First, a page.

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Next time you’re watching your favourite programme on the telly, keep an eye out for those non-speaking background TV and film extras that help to make a scene more realistic.
Pretty much every programme or film has them and they’re not trained actors. In fact, they’re ordinary people like you and me!
Now you know that you’re probably wondering how they got these parts?
It’s a lot easier than you might think – and there’s good money involved!
If you fancy trying your hand at becoming a TV or film extra, here’s what you need to know to break in.
Finding a TV & film extras agency
First of all, you’ll need to sign up with a few extras agencies. These aren’t hard to find – you can usually find ones in your area with a quick online search. Then you’re ready to get the ball rolling!
You don’t have to limit yourself to just one agency. Most of them will expect you to be signed up with other agencies too. Just be careful not to double book yourself for jobs on the same date(s).
A word of warning: not all extras agencies are the real deal and some will, unfortunately, be trying to fleece unsuspecting newbies.
Reputable agencies won’t ask for money (more on this later!). It’s worth doing a bit of digging to check that they really have worked on the programmes and films they claim to.
A few reputable film extra agencies we know of are:
Approaching extras agencies
Once you’ve picked out some extras agencies that look like good bets, it’s time to apply!
Impress them with some good headshots and body shots so they have a very good idea of what you look like. Professional photos are great if you can afford to get these done but you won’t be disadvantaged if not.
If you’re looking for some budget shots, ask a friend or family member to take your photos (in natural light). Or approach a local college and see if their photography students are in need of volunteer models.
Some of the details you may need to apply include:
- Date of birth (and the age range you could realistically play in background scenes)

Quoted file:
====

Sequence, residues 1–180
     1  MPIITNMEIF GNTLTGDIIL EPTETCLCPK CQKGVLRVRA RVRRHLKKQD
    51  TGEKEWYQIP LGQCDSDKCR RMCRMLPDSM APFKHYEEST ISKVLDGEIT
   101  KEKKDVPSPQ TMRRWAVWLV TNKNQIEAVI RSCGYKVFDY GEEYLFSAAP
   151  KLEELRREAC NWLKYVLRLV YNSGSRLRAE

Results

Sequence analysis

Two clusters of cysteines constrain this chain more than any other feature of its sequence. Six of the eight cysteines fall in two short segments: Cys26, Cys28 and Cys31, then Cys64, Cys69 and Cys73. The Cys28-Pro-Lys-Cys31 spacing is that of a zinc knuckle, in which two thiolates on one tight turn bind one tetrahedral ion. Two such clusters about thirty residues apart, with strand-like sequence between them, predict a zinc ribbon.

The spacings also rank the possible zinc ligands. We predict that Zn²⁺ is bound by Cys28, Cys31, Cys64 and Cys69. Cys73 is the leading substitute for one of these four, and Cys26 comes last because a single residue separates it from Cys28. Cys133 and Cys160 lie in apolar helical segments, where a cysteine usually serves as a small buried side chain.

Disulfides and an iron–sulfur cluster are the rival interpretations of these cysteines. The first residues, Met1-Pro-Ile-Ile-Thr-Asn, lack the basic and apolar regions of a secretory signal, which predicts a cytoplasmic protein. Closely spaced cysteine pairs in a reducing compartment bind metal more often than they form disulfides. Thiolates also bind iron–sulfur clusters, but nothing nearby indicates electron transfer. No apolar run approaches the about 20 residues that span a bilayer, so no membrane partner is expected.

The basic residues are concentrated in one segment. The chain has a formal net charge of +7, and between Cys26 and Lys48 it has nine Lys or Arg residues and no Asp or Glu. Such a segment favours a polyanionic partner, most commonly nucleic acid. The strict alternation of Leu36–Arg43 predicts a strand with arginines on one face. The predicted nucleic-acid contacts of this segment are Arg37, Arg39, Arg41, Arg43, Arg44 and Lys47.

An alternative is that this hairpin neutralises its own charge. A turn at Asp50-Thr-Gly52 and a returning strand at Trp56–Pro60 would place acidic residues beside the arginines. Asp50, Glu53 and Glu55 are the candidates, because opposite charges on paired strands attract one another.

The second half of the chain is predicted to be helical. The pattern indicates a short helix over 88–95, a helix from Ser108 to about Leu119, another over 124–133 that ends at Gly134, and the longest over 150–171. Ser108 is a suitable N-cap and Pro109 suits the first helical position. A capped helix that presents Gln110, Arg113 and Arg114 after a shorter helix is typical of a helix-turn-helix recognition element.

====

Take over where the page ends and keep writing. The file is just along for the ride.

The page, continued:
- Height, weight and vital measurements
- Any unusual distinguishing features you have (including tattoos and piercings)
- Any talents or skills you have (that could be used in background scenes – such as playing sport or even just driving!)
- How far you would be willing and able to travel for jobs
Do I have to pay to become an extra?
Reputable ones will not ask you for any kind of payment upfront.
So they can make some money, most extras agencies will charge fees of around 15 per cent for representing you.
The yearly fee for being included in their casting books and database is often taken from the money you earn in your first extras job. If you don’t land any extras work, you won’t be charged. Simple as that!
It’s important to know this before you start contacting extras agencies as some do unfortunately ask for money upfront and don’t put you forward for any jobs.
How much does an extra get paid?
A basic day rate for a film or TV extra generally comes in at around £84, plus travel expenses. If you’re working over 9 hours, overtime comes into play and the money is more generous for working through the night.
If you can nab an extras job with one of the big TV channels, here’s what to expect.
BBC have a base rate of £86.40, while ITV is a bit lower at £73.16.
You can get higher pay in certain situations – especially if you’re willing to do things like work on public holidays or make changes to your appearance (a haircut, for example).
In theory, extras who aren’t union members can be paid less so if you plan to get a lot of work as an extra, it’s worth protecting yourself by becoming a member.
What skills do I need to become an extra?
Here’s the great thing about being an extra. You don’t actually need any acting experience to get your foot in the door. Most TV or film extras have non-speaking parts so you’re not expected to be RADA trained before you can be cast!
That doesn’t mean everyone will be a good fit though. You’ll need to be reliable, punctual and good at taking directions, for starters.
Having a thick skin also helps since a lot of your success as an extra is going to be based around your look.
Chances are, you’re going to be perfect for some jobs and totally unsuitable for others! This is par for the course with extras work as casting agents are usually looking for specific looks when they’re hiring extras.
Do I need to be attractive to be an extra?
While extras work does tend to hinge on whether you fit the look, you definitely don’t need to be model material to land jobs.
They’re usually looking for ordinary, everyday people to use in the background of scenes. So if that’s you, you stand a good chance of being put forward!
What is the tax situation as an extra?
You’ll need to register yourself with HMRC as self-employed if you want to get started as a TV or film extra. As of 2014, extras are considered to be self employed for both tax and National Insurance (NI) purposes.
If you have other income and that takes you above the personal allowance, any money you make as an extra will be taxable.
So now you know how to dip your toes into the world of TV and film extras, what are you waiting for? Casting agencies need people from a wide range of backgrounds to be used in scenes – and this could be you!